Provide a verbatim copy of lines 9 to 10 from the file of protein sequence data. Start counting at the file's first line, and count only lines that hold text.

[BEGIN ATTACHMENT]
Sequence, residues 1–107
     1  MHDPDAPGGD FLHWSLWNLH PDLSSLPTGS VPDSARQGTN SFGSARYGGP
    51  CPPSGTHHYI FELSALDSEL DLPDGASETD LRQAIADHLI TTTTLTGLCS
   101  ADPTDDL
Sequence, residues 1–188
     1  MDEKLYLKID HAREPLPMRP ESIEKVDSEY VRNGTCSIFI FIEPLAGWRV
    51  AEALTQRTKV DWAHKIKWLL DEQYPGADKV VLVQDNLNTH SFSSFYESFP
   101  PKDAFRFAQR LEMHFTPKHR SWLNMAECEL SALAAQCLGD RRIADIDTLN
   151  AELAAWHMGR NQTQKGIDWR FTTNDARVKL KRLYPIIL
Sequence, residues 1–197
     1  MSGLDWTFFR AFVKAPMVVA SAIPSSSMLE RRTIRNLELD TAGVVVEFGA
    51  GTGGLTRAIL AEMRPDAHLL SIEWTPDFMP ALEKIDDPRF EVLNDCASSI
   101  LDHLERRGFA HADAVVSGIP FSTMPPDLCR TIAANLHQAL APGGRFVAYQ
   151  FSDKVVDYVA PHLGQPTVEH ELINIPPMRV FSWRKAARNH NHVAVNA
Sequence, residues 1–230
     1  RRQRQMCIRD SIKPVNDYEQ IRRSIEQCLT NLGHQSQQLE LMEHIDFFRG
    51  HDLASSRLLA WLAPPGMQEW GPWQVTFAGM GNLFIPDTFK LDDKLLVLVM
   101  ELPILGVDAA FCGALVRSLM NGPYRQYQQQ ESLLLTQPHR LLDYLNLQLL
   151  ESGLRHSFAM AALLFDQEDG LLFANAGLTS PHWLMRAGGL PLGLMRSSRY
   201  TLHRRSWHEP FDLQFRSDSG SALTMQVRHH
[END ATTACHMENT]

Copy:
   151  AELAAWHMGR NQTQKGIDWR FTTNDARVKL KRLYPIIL
Sequence, residues 1–197